This is actually just what they raked up along the driveway, where it was thickest. There were other parts of the outer yard they hadn’t done, where the clippings were much thinner.

I didn’t even try using the bag on the lawn mower. I would have been stopping to empty it way too often. It is more efficient to just rake it up after.

It was enough to FINALLY finish mulching the squash patch! Just on the cardboard around the plants themselves, though. As I’m able, I will continue to mulch the paths in between, to keep the grass and weeds down.

There was enough left over to mulch all but one end of the summer squash bed. Since I had continued to mow around the main garden area yesterday evening, I didn’t have to go far to rake up more clippings to finish mulching the bed.

I was also able to thoroughly mulch around the Styrian hulless pumpkins, out by the trellises.

At this point, any other mulching that gets done is bonus. The Lady Godiva hulless pumpkins could use more mulch to fill in the spaces between the plants, and I also want to mulch more around the sweet corn and green beans, as well as the popcorn, if I can. I still have more scything to do, so I should have enough to get all of that done, too.

It has been a very rough year for most of the squash. They are a fraction of the size they should be. Finally getting them all mulched should help them at least a little bit! Whether or not there is enough growing season left for them – especially the winter squash – it still in the air. Some varieties should still have time but with others, I don’t expect anything at all anymore.

That’s not going to stop me from trying to help them along, though!

The Re-Farmer

Not very far

The scything done near the main garden didn’t get me very far.

It was enough to mulch 5 out of 6 squash in a new row. That leaves one, plus three more rows of 6 to do.

And this is just focusing on around the plants themselves. The paths in between are not fully covered. As you can see between the rows previously done, grass and weeds will still get through, but at least those won’t be competing with the squash for nutrients as much.

While I was working in this, I was hearing the sound of cows that were a lot closer than usual. Usually, I hear them from the property across the road. Not this time! The renter has rotated his cows onto our quarter section! By the time I got out to take a look, they were back in the bushes by the gravel pit, so I couldn’t get any pictures.

We’ll have to keep an eye on the outer yard now. Especially at the “gate” in the fence by the barn. I noticed while I was scything there that one of the big gate posts is leaning way over. With all the water we got in that area this spring, anything already rotting at ground level would have been weakened considerably. The renter has an electric fence going around, but it does fail every now and then. The renter had been looking to replace the fences (responsibility for the fences is part of the rental agreement), but with this spring being such a disaster, I would not be surprised if they won’t be able to do it this year. They weren’t able to even plant anything in the field on this quarter, either. The other quarter they are renting is just hay and pasture, and much of that would have been under water this spring.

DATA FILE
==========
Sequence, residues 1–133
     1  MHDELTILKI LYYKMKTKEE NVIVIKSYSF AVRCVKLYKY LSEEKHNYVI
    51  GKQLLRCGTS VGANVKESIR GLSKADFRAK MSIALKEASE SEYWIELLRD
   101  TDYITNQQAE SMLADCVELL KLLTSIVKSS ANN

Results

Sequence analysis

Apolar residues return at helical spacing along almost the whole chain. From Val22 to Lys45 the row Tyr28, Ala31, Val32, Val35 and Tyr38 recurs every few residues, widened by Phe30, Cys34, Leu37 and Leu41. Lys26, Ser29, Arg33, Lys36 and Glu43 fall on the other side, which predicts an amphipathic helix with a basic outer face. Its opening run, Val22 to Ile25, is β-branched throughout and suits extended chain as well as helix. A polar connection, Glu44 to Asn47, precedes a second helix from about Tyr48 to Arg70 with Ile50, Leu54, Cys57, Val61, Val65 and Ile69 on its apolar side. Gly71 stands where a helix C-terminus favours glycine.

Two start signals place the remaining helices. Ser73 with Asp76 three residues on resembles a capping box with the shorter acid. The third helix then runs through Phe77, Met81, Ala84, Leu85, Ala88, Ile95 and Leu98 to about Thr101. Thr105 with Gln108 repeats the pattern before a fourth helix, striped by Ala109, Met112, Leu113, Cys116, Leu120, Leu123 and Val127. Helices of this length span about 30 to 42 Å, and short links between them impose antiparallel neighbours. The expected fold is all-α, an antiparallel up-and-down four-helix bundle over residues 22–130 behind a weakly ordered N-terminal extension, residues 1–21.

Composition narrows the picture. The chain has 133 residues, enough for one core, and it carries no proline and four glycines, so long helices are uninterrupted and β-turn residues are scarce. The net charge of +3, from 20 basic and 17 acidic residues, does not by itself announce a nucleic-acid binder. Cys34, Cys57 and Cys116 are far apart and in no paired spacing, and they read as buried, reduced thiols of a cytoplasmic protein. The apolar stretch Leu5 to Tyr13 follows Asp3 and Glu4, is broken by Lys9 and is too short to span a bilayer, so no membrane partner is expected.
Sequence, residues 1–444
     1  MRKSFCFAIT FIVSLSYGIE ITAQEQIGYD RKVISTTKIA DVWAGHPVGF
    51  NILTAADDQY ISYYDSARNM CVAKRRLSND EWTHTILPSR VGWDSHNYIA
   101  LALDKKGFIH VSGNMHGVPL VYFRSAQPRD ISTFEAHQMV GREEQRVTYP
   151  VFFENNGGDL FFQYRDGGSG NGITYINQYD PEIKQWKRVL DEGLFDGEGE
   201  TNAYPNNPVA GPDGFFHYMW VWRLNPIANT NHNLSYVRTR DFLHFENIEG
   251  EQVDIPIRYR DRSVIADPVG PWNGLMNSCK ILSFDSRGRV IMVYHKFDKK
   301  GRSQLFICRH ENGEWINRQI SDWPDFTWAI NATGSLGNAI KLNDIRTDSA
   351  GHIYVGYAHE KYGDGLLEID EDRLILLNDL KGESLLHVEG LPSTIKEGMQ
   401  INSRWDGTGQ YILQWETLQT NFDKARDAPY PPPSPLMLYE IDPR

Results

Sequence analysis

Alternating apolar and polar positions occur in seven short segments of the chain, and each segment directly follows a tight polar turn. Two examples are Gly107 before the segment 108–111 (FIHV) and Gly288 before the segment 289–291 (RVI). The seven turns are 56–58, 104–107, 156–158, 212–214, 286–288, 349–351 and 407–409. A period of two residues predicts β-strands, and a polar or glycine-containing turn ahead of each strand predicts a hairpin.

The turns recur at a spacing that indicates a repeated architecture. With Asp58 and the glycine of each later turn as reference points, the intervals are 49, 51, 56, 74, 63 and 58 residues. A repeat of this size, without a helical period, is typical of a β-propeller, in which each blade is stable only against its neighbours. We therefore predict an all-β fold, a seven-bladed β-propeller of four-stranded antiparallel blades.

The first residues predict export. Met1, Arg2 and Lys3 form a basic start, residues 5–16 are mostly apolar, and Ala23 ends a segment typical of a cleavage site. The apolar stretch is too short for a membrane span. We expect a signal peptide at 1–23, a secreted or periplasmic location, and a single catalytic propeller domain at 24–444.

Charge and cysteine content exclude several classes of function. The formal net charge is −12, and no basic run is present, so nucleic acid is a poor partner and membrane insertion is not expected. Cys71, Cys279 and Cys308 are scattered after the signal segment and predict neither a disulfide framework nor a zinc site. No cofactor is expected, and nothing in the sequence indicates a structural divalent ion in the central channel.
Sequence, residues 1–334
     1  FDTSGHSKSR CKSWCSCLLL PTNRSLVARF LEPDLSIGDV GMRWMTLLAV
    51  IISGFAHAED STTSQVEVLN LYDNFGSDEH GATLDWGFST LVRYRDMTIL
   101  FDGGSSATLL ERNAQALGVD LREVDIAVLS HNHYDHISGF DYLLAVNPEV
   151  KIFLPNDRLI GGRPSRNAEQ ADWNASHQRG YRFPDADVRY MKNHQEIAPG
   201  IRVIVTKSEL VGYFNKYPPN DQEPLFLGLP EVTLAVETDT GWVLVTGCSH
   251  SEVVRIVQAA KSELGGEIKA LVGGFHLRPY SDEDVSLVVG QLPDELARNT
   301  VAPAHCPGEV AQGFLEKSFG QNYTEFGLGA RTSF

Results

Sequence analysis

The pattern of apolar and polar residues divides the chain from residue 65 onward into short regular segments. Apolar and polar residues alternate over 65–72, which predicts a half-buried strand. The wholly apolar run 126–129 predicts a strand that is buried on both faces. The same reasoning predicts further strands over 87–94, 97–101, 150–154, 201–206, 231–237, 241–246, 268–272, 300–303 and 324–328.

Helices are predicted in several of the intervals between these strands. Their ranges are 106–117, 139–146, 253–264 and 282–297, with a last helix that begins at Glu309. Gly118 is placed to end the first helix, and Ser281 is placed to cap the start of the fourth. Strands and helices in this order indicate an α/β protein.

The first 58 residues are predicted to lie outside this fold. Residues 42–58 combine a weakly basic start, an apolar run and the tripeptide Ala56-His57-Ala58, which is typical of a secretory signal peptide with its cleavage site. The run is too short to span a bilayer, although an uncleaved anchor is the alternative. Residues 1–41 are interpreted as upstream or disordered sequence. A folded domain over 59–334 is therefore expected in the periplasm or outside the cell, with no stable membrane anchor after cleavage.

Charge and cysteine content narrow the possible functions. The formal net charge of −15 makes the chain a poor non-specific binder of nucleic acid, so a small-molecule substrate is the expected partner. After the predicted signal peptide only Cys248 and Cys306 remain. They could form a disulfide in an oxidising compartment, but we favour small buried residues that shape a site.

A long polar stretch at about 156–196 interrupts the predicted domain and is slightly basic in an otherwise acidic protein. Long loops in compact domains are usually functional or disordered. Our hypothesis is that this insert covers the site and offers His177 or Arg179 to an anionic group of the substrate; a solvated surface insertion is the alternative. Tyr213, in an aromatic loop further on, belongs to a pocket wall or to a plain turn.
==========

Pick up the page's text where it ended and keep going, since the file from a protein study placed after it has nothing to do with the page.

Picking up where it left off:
At least grazing and haying will be good this year!

The Re-Farmer

Our 2022 garden: squash patches mulched, shade cloth ready

With today predicted to be very hot, the girls and I headed out much earlier than usual. Normally, they do the evening stuff while I do the morning stuff, but this was a big job, and I wanted to get it done before the heat hit.

The big squash patch is now completely mulched. I’m glad I put all those sticks in! All the squash started at 4 weeks before last frost date are all still so tiny. The mulch will also help to protect them from any heavy rains and storms we may get.

The other squash patch, with the corn and beans in between, also got a layer of mulch.

Last of all, the hulless pumpkins next to the bean tunnel got a layer, too.

Look how tall the garlic is!! Love it!

I brought out the old sheets we were using as shade cloth last year, and one of my daughters helped me set them up over two of the beds with spinach in them. It felt odd to put up shade cloth when it’s so overcast.

I’m trying to think of what we can use to put over some of the other beds, to protect them from heavy rains and possible hail. The netting we have might keep critters out, but the mesh is too large to protect from heavy rains or hail. Last year’s row covers that fell apart when we moved them has old window screen mesh on one of them, but it’s too narrow to use without more support than the twine we’ve got now. I’m thinking of the mosquito netting we used as row covers might work. We only need to cover the tops of the beds enough to protect from heavy rain, while still letting water through. I’m not too keen on using the mosquito netting, as it sheds long strands from the cut sides, and I’m still finding them among the weeds in the old kitchen garden. Those strands don’t break easily, and are something small critters could get caught up in. The best thing would be to hem up the cut edges, but that wouldn’t be done until we have them in the sizes we want.

We’re getting all these predictions for high temperatures and advisories for heat, but… it’s almost cool out there. We’re also getting storm warnings that are all over the place. One minute, the storms are expected on Tuesday. Then Sunday (tomorrow). Then tonight. Then not at all. Then Monday.

I am, however, hearing thunder as I write this, and I can see from the trees out my window, that the winds are picking up.

My dropped the idea of getting more weed trimming done today. The necessary areas are already done; anything else is just bonus at this point. The ground is almost dry enough to mow in places, but that’s not going to happen either.